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Promoting Help for Prisoners' Children

Bushes Visit NW Charter School to Pledge Support for Mentoring

By V. Dion Haynes
Washington Post Staff Writer
Saturday, April 2, 2005; Page B02

President Bush chose a Northwest Washington charter school as his forum to discuss Helping America's Youth, which aims to redirect wayward young people who may have one or both parents in prison.

Introduced at Paul Junior High Public Charter School yesterday by first lady Laura Bush, who also spoke, Bush addressed hundreds of representatives of faith and community organizations. He talked about the program, which he introduced during the State of the Union address, designed to provide grants to organizations that promote mentoring programs aimed at keeping youths out of gangs and off drugs.

First lady Laura Bush, who recently returned from a trip to Afghanistan, introduced the president at Paul Junior High Public Charter School. (Robert A. Reeder -- The Washington Post)

"You learn a single soul can make a difference in a young person's life," the president said from the auditorium stage, which had a backdrop of a blackboard and other classroom props.

"Americans can change one heart, one soul at a time," he said, adding that the federal government gave $55 million in grants last year to 221 organizations involved in mentoring programs. "Our job is to find those who are willing to be part of the solution."

The effort will be led by the first lady. She said she would convene a summit at the White House in the fall for researchers and community leaders to discuss the best strategies to reach young people.

The president reiterated his support for providing federal funds to community organizations that are seeking to strengthen families. He said he was interested in programs that provide job training and education to fathers who want to remain emotionally connected to their children and programs that attempt to keep marriages together.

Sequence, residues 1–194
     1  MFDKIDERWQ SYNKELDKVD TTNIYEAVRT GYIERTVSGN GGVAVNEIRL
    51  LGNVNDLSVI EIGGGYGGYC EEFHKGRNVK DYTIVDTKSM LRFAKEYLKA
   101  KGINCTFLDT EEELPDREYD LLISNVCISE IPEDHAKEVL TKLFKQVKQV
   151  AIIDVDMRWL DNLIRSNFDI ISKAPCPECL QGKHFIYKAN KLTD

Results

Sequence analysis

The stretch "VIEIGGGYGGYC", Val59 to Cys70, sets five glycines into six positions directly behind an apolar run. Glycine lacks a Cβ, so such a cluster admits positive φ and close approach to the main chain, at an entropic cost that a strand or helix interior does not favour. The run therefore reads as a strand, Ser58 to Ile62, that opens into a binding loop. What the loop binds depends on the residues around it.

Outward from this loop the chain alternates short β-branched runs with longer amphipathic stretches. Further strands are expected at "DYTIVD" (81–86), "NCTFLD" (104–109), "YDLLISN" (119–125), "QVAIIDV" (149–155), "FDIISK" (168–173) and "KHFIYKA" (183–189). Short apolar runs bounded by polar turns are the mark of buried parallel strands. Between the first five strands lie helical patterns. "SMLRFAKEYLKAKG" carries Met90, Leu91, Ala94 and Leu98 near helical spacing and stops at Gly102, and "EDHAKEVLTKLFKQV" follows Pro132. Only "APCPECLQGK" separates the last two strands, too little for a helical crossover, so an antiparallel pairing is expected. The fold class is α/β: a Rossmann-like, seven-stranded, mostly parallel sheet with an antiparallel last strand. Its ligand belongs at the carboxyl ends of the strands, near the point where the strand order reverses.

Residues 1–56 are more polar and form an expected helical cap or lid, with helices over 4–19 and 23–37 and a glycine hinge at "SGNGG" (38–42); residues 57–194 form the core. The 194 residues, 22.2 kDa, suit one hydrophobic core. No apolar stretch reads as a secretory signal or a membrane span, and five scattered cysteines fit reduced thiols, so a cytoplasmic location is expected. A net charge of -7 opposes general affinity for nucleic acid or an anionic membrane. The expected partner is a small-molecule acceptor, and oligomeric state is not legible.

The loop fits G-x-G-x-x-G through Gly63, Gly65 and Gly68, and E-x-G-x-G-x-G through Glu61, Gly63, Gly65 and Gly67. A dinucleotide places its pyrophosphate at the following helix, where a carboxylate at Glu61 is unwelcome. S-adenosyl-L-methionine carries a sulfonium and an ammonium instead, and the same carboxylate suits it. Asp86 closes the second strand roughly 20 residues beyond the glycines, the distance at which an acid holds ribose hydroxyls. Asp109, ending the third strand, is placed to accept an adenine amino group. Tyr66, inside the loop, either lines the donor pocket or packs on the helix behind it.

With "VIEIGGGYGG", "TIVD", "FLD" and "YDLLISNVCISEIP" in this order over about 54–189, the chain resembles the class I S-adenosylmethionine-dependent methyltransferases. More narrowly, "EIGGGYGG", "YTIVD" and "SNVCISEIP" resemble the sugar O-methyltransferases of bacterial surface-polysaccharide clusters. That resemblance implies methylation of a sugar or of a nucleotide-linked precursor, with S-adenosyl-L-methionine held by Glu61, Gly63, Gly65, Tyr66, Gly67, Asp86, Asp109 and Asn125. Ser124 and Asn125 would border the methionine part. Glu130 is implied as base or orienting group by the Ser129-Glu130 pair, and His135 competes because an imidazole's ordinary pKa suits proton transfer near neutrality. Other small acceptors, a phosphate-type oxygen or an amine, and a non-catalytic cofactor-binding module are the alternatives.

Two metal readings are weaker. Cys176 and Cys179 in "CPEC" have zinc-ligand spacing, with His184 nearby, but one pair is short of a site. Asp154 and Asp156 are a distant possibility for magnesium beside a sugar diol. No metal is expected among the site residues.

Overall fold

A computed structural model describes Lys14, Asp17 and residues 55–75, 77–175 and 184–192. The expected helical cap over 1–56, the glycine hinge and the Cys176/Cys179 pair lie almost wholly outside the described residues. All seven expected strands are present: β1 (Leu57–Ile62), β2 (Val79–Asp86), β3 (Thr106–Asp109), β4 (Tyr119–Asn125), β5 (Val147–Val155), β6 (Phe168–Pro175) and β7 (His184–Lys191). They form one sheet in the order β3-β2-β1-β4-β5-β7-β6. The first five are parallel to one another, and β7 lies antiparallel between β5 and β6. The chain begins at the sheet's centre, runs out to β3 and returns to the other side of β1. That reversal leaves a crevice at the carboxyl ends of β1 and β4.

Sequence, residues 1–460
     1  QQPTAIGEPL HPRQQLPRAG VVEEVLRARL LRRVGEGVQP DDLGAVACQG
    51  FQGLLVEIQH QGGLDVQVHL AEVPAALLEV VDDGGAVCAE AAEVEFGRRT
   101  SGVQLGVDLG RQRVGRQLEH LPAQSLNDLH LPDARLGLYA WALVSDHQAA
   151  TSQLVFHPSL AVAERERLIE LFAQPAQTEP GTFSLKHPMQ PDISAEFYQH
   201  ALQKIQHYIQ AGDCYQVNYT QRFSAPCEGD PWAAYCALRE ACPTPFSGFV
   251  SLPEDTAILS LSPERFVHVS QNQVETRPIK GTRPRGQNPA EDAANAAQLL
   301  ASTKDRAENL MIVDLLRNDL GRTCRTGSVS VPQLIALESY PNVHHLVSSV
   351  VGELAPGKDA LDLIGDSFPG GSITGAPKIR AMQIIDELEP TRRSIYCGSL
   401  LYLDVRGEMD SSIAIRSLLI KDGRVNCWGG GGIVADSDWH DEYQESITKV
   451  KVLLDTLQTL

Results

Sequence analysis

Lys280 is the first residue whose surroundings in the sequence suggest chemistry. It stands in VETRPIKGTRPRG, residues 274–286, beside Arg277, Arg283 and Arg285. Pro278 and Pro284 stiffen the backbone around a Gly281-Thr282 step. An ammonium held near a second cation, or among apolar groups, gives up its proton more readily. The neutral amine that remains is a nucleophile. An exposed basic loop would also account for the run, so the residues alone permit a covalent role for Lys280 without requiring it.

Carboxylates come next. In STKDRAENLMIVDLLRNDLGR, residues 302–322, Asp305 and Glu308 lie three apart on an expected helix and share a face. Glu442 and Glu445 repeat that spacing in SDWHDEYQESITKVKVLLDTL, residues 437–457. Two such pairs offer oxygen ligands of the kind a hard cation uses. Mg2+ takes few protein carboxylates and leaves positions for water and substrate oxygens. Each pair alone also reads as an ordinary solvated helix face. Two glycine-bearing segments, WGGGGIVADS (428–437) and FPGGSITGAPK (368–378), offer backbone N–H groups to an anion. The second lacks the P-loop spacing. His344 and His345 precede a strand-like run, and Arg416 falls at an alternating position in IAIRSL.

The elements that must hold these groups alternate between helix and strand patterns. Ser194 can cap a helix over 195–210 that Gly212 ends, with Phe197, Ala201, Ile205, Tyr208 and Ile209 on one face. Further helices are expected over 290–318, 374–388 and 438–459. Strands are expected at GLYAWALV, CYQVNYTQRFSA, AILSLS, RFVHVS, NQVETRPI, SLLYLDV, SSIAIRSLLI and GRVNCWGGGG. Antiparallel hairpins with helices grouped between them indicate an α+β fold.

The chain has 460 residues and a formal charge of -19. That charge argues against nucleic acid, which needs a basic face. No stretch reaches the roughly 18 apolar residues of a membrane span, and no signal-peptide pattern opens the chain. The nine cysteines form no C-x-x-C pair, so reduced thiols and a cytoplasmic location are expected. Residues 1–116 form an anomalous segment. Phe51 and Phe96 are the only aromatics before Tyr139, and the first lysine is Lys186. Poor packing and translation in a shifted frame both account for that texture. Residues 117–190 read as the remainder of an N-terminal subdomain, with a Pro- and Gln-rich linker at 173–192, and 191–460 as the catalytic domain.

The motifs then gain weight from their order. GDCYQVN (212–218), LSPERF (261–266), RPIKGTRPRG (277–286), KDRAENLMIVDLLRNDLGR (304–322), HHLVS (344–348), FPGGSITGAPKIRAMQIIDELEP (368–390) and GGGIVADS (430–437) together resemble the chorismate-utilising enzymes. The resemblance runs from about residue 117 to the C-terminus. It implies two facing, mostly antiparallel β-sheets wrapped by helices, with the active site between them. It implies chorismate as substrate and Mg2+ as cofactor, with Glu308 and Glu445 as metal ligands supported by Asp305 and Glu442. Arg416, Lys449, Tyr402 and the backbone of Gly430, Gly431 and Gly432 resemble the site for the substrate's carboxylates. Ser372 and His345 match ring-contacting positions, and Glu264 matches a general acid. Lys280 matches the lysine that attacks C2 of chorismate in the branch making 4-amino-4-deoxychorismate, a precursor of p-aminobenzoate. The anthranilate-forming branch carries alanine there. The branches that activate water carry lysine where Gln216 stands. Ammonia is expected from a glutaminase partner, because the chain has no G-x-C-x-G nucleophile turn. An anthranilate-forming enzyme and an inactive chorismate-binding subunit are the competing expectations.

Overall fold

He repeated one of his familiar themes: Faith-based organizations -- not government -- can lead the way in solving social problems. He said government should be an advocate of faith-based programs, not a roadblock.

"The amazing thing is that all this happens without government," he said. Government "can hand out money, but it can't put love in a person's heart."

Bush said he was interested in recruiting mentors for children of middle school age, particularly those with a parent incarcerated. "If your dad or mother's in prison, you're likely to end up there yourself," he said.

He introduced Michaela Huberty, 10, a fourth-grader from St. Paul, Minn., whose father has been in and out of prison. Michaela, he said, has been mentored by a teacher and has decided that she wants to pursue teaching as a profession.

"We go swimming, to the movies, to basketball games and make scrapbooks," Michaela said after the speech. "She's a good teacher and a good friend."

The mentor, Jennifer Kalenborn, who came to Washington with Michaela for the ceremony, said Michaela has changed from an aimless girl to an ambitious student in a gifted and talented program. "I encourage her to go to college and set goals," Kalenborn said.

Bush called on mentors to step forward and for community organizations to apply for federal grants.

Rodney K. Taylor, a District firefighter who founded the Working Men Who Care Inc., which mentors children of prisoners, said he welcomes the prospect of getting federal funds for the program.

"We need money to do background investigations for our mentors and funds for activities for the kids," Taylor said.

Al Lawrence, national director for special projects at the Prison Fellowship Ministries, said, "You can't expect [the federal government] to pay for all this. The solution to the problems of young people can come only from the outpouring of the heart."

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